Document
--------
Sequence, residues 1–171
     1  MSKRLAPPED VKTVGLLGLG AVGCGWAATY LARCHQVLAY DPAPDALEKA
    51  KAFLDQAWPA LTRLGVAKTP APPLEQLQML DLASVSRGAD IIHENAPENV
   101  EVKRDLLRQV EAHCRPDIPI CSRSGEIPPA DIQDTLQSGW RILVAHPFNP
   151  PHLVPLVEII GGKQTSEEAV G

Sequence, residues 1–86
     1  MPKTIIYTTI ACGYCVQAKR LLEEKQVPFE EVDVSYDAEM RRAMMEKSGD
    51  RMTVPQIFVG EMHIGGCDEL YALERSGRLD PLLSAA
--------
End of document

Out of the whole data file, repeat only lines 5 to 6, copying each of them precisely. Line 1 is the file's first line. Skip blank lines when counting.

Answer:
   151  PHLVPLVEII GGKQTSEEAV G

Sequence, residues 1–86